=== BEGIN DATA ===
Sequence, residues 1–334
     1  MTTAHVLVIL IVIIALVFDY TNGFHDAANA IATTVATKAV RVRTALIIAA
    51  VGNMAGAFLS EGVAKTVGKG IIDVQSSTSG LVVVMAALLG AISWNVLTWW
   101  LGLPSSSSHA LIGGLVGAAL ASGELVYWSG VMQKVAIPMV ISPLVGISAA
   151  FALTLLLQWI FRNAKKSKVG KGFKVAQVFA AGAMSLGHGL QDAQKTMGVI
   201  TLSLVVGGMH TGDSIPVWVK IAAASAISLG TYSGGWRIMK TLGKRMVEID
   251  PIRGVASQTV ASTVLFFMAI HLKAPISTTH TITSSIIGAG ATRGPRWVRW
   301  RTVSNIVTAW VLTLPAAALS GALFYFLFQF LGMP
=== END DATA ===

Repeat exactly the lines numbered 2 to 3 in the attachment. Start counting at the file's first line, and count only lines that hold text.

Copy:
     1  MTTAHVLVIL IVIIALVFDY TNGFHDAANA IATTVATKAV RVRTALIIAA
    51  VGNMAGAFLS EGVAKTVGKG IIDVQSSTSG LVVVMAALLG AISWNVLTWW